Again, consider that according to Utilitarianism, what makes something right is that it maximizes pleasure for the aggregate or whole of society. The equal interests of all are to be given equal weight in our reasoning. (You may recall Mill saying that “every person counts as one”) Following on this principle of Utilitarianism, Rawls wants to point something out. Rawls says, NOTICE: our overall calculations are not concerned with the distribution of pleasure, or as Rawls calls it “satisfaction.” (351) IT MAKES NO DIRECT DIFFERENCE IF AN ACT BRINGS ABOUT

--One unit of your happiness or one unit of mine. --One unit of my misery or one unit of yours --if all the unhappiness accrues to one or a few people You see, the goal is net happiness. So, so what if one person or a small group of people has to bear intense suffering for the sake of the aggregate? (You’ve heard the old saying, “If you want to make an omelette you are going to have to break some eggs.”) The point is, the distribution of goods does not matter, so long as the net happiness reaches the highest reasonable level. Rawls notes that, in Utilitarianism, “The principle of choice for an association of men is interpreted as an extension of the principle of choice for one man.” Rawls offers a diagnosis of this move: In close he states that Utilitarianism requires us to conflate all persons into one, and therefore does not take seriously the distinction between persons. Because Rawls is not exactly replete with examples to illustrate this point, I will bring in an example from an external source that nicely illustrates what he is getting at.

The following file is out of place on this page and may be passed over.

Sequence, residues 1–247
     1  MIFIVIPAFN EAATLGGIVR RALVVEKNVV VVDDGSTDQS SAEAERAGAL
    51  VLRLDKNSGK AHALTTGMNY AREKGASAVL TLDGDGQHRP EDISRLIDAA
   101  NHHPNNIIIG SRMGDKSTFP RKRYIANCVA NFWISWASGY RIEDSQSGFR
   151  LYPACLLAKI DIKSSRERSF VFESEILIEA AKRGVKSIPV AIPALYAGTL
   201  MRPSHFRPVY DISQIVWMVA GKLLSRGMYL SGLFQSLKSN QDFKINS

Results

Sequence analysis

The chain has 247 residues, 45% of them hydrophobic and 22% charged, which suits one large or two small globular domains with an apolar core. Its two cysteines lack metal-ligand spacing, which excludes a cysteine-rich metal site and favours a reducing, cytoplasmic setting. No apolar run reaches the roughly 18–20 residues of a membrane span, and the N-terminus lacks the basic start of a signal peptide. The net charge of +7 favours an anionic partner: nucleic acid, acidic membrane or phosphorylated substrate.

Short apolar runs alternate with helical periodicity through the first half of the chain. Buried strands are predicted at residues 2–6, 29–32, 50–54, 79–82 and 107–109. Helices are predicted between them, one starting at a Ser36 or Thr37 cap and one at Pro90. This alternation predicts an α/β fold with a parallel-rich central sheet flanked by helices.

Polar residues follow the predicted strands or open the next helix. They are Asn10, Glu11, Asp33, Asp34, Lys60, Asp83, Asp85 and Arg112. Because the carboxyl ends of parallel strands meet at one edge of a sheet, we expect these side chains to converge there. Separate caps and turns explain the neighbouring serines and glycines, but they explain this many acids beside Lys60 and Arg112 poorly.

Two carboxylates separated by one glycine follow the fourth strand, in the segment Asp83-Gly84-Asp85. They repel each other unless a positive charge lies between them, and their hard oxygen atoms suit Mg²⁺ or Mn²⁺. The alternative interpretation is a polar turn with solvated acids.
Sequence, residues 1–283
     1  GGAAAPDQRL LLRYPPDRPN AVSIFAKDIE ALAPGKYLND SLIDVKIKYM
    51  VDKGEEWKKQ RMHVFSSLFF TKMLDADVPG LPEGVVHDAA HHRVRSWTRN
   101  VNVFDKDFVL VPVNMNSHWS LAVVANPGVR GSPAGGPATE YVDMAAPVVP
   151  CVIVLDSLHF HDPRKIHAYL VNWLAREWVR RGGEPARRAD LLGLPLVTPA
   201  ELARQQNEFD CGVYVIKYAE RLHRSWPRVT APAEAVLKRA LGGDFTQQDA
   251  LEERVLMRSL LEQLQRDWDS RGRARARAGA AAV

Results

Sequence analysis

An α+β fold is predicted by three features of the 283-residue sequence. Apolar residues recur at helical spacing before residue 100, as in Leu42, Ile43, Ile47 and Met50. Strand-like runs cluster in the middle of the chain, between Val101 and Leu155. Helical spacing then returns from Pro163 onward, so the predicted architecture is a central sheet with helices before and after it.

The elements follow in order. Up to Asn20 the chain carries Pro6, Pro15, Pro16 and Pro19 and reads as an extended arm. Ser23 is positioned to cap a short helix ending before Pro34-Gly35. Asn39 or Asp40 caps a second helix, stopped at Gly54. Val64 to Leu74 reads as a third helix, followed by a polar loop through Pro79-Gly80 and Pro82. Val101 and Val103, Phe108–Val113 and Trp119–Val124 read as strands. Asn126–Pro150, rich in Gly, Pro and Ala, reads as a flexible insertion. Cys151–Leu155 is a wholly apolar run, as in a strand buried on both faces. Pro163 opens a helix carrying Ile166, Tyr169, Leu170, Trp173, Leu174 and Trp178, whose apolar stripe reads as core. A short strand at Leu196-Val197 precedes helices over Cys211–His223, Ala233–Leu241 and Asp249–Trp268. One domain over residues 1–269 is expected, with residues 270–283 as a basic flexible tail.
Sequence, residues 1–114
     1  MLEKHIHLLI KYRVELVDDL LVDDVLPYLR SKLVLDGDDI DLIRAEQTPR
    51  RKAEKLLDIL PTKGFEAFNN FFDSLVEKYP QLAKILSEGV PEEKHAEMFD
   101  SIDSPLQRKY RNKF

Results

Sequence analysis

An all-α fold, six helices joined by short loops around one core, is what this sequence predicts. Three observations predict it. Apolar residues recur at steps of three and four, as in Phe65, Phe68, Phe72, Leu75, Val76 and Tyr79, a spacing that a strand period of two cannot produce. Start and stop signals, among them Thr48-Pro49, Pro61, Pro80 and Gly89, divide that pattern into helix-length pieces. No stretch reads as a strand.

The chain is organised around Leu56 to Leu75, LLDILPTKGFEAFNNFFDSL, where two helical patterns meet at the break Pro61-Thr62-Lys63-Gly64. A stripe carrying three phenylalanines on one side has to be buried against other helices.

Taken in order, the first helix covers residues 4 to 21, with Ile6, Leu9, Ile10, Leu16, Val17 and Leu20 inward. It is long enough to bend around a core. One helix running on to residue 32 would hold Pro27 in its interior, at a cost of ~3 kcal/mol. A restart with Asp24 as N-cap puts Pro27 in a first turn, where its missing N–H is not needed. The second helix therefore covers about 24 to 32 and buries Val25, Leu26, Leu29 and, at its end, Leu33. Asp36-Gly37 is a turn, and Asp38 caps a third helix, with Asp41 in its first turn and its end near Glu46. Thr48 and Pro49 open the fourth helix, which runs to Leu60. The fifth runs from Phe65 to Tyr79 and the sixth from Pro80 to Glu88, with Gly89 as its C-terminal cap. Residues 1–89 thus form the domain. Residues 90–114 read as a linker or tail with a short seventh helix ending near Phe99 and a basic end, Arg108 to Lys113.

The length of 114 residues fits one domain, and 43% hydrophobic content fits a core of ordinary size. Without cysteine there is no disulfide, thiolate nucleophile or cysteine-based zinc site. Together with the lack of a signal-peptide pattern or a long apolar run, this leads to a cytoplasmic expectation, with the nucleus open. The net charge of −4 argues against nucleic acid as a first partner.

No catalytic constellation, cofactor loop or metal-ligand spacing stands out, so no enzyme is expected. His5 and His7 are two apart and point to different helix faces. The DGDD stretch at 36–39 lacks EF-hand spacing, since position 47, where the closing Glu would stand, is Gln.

Human Conduit: Scanlon (Jones in the transmitter room) Jones is TV repairman in the (only) transmitter room at the world cup finals. The machinery explodes from a lightning bolt. Jones is trapped in the machine, and he’s a human conduit. The machinery will continue running as long as you don’t remove Jones. (Light on the train) He’s being painfully—perhaps lethally electrocuted. You either leave Jones in the machine for the last half hour of the match, causing maximal watching enjoyment (over one billion people watch the world cup finals). If we say Jones’ pain is cumulatively less than the pleasure of all those viewing the final part of the world cup. So, shall we leave Jone’s in the shock-treatment for our viewing enjoyment. Utilitarianism can’t be right because it doesn’t take seriously the distinction between persons: (social hedonistic consequentialism.)

Other objections: Can we weigh the pain of one against the pleasure of another?